All these are of the Genii. May Allah then deliver me from them happily! And while he was thus talking to himself, lo, one of the slave girls filled for him a cup of wine; and he took it from her hand and drank it; after which, the slave girls plied him with wine in abundance; and one of them threw into his cup a lozenge of bhang; and when it had settled in his stomach, he fell down senseless.

Abou Hassan said, On the condition that thou swear to me by the inscription on the seal of Solomon the son of David (on both of whom be peace!) that thou wilt not suffer thy Afrites to make sport

The Story of Abou Hassan the Wag or the Sleeper Awakened part 5

And while he was in this state, lo, one of the mamlouks came in and said to him, O Prince of the Faithful, the chamberlain is at the door, requesting permission to enter. Let him enter, replied Abou Hassan. So he came in, and, having kissed the ground before him, said, Peace be on thee, O Prince of the Faithful!

And Abou Hassan rose, and descen-ded from the couch to the floor; whereupon the chamberlain exclaimed, Allah! Allah! O Prince of the Faithful! Knowest thou not that all men are thy servants, and under thy authority, and that is it not proper for the Prince of the Faithful to rise to anyone! Abou Hassan was then told that Giafar the Barmecide, and Abdallah the son of Tahir, and the chiefs of the mamlouks, begged permission to enter.

Mother of Abou Hassan the Wag

And he gave them permission. So they entered, and kissed the ground before him, each of them addressing him as Prince of the Faithful. And he was delighted at this, and returned their

The Story of Abou Hassan the Wag or the Sleeper Awakened part 4

So a eunuch said to him, O my lord, this is not thy usual custom, O Prince of the Faithful. And he was perplexed at his case, and put his head into his bosom, and then began to open his eyes by little and little, laughing, and saying, What is this state in which I find myself? And he bit his finger; and when he found that the bite pained him, he cried, Ah! and was angry.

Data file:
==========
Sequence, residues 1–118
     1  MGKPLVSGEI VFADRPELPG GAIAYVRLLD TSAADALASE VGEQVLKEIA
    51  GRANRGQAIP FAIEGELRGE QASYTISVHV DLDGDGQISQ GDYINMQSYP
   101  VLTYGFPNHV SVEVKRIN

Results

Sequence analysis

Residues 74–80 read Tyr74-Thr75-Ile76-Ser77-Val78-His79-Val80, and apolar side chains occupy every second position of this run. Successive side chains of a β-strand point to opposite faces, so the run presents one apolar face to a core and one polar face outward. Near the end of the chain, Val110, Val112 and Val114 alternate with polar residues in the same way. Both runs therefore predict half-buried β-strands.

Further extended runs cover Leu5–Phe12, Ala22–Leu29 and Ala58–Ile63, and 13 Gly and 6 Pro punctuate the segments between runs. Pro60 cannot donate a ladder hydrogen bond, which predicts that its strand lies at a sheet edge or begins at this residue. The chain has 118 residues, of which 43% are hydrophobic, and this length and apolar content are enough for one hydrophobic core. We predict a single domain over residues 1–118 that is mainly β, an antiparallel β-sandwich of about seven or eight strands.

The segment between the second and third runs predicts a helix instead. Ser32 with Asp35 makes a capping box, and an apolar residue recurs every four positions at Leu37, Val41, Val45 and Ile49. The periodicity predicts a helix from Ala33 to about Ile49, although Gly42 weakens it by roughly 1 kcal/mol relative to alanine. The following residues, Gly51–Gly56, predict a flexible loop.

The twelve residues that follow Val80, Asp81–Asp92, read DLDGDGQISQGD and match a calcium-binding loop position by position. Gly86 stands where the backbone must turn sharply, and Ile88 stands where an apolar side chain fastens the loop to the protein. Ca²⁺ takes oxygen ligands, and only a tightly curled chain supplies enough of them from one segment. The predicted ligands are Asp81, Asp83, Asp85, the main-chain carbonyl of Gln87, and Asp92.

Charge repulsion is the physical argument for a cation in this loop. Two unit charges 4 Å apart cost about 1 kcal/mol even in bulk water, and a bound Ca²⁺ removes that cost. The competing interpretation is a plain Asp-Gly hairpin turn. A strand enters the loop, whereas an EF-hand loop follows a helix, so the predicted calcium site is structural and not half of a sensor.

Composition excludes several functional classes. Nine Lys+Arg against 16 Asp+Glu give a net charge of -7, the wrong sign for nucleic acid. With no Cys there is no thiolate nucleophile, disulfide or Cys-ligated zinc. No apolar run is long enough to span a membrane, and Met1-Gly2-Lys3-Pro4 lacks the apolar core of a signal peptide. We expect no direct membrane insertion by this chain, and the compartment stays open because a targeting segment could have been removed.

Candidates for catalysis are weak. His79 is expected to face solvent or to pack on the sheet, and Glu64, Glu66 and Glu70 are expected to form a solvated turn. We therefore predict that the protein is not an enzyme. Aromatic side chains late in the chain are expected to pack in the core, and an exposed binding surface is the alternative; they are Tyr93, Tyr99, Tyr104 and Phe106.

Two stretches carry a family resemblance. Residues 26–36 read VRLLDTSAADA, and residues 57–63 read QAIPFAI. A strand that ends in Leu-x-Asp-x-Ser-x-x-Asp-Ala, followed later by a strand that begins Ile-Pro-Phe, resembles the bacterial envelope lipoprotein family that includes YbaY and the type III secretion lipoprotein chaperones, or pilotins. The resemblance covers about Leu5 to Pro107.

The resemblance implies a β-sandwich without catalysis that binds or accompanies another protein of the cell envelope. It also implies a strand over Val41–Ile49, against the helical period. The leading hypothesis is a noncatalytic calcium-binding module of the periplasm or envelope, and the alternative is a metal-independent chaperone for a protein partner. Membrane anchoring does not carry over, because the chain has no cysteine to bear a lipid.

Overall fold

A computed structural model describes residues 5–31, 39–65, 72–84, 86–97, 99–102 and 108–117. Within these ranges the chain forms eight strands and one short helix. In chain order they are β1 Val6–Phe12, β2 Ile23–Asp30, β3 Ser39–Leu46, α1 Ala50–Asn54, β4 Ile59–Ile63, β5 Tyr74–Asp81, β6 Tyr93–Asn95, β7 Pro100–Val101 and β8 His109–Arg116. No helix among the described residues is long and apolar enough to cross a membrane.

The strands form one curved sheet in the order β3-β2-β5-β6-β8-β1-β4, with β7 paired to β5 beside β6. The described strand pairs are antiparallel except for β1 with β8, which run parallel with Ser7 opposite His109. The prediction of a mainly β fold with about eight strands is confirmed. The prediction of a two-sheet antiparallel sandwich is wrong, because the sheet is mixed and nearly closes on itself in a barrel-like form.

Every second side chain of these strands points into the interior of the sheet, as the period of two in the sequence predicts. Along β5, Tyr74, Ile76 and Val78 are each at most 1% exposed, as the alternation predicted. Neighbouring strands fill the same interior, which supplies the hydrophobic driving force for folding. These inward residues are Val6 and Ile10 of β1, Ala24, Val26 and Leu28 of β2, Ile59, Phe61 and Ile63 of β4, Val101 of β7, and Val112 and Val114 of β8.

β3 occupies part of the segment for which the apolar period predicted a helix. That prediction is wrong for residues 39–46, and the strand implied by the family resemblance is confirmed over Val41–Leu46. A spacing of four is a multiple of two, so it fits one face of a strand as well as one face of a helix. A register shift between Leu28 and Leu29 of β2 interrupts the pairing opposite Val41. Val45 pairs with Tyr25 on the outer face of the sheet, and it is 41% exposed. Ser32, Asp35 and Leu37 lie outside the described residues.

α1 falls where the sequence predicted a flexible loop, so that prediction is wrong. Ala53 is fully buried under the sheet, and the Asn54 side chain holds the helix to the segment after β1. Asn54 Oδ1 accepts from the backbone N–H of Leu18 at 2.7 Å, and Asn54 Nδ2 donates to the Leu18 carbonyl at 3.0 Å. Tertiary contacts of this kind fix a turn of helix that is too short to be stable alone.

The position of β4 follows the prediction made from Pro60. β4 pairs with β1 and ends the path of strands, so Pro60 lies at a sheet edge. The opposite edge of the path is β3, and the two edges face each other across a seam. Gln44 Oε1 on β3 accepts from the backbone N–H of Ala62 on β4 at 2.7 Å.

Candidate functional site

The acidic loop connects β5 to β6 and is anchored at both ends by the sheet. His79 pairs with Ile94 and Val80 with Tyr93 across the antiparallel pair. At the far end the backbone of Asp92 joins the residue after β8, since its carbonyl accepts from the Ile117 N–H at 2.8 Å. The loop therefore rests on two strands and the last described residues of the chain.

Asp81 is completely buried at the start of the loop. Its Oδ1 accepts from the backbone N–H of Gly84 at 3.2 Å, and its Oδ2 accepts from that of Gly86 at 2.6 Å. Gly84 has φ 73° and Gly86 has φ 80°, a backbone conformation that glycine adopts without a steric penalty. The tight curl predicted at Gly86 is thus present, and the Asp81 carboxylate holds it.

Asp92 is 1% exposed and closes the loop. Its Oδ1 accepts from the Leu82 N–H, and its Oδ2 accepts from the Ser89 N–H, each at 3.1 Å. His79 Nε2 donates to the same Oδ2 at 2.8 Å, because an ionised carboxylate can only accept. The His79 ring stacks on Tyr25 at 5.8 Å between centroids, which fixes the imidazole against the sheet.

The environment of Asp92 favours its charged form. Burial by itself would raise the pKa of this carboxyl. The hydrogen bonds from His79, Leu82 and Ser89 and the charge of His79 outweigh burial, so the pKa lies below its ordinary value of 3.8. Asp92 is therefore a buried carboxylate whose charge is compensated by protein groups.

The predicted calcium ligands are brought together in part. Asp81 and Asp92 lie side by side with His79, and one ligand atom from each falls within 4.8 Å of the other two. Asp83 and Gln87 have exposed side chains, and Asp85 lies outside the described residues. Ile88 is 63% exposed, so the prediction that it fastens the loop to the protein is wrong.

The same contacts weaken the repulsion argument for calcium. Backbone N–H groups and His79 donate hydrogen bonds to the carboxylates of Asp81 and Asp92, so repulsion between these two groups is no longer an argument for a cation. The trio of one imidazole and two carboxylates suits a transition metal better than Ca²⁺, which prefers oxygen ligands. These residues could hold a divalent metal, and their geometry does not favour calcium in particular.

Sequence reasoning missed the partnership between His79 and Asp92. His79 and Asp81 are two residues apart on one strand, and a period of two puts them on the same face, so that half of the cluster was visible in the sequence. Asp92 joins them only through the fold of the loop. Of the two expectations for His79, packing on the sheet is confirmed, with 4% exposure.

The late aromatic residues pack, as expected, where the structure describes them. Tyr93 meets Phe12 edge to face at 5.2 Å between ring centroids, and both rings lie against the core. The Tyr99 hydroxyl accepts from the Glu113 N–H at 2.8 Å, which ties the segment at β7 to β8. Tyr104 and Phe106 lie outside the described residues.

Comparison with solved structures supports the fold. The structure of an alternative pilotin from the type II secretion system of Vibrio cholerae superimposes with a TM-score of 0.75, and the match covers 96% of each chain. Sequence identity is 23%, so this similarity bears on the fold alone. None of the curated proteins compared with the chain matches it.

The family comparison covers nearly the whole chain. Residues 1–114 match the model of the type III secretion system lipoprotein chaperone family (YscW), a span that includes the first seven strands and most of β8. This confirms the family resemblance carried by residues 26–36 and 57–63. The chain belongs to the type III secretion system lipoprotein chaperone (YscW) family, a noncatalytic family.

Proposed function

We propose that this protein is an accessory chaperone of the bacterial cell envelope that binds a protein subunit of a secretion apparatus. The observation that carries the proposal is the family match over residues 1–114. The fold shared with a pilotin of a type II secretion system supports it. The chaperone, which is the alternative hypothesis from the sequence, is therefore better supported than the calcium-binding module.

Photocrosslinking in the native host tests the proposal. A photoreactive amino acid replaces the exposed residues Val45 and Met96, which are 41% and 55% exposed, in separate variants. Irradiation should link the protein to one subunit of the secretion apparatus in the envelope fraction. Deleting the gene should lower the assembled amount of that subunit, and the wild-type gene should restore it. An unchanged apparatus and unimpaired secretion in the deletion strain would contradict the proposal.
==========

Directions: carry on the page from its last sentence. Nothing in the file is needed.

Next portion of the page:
Then raising his head, he called one of the female slaves, who answered him, At thy service, O Prince of the Faithful! And he said to her, What is thy name? She answered, Cluster of Pearls. And he said, Knowest thou in what place I am, and who I am? Thou art the Prince of the Faithful, she answered, sitting in thy palace, upon the royal couch. He replied, I am perplexed at my case; my reason hath departed, and it seemeth that I am asleep: but what shall I say of my yesterday’s guest? I imagine nothing but that he is a devil, or an enchanter, who hath sported with my reason.

All this time the c

The Story of Abou Hassan the Wag or the Sleeper Awakened part 3

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After this the caliph said to his host, O Abou Hassan, is there any service that thou wouldst have performed, or any desire that thou wouldst have accomplished? And Abou Hassan answered, In our neighborhood is a mosque to which belong an imam and four sheiks, and whenever they hear music or any sport, they incite the judge against me, and impose fines upon me, and trouble my life, so that I suffer torment from them. If I had them in my power, therefore, I would give each of them a thousand lashes, that I might be relieved from their excessive annoyance.

Abou Hassan being intoxicated

Alrashid replied, May Allah grant thee the accomplishment of the wis’h! And without his being aware of it, he put into a cup a lozenge of bhang, and handed it to him; and as soon as it had settled in his stomach, he fell asleep immediately. Alrashid then arose and went to the door, where he found his young men waiting for him, and he ordered them to convey Abou Hassan upon a

The Story of Abou Hassan the Wag or the Sleeper Awakened part 2

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Thus he continued to do for a whole year; after which, as he was sitting one day upon the bridge as usual, to see who might come toward him, Alrashid and certain of his domestics passed by in disguise; for the caliph had experienced a contraction of the bosom and had come forth to amuse himself among the people. So Abou Hassan laid hold upon him, and said to him, O my master, hast thou any desire for a repast and beverage? And Alrashid complied with his request, saying to him, Conduct us.

And Abou Hassan knew not who was his guest. The caliph proceeded with him until they arrived at Abou Hassan’s house: and when Alrashid entered, he found in it a saloon, such that if thou beheldest it, and lookedst towards its walls, thou wouldst behold wonders; and if thou observedst its conduits of water, thou wouldst see a fountain incased with gold. And after he had seated himself there, Abou Hassan called for a slave girl, like the twig of the Oriental willow, who took a lute and sa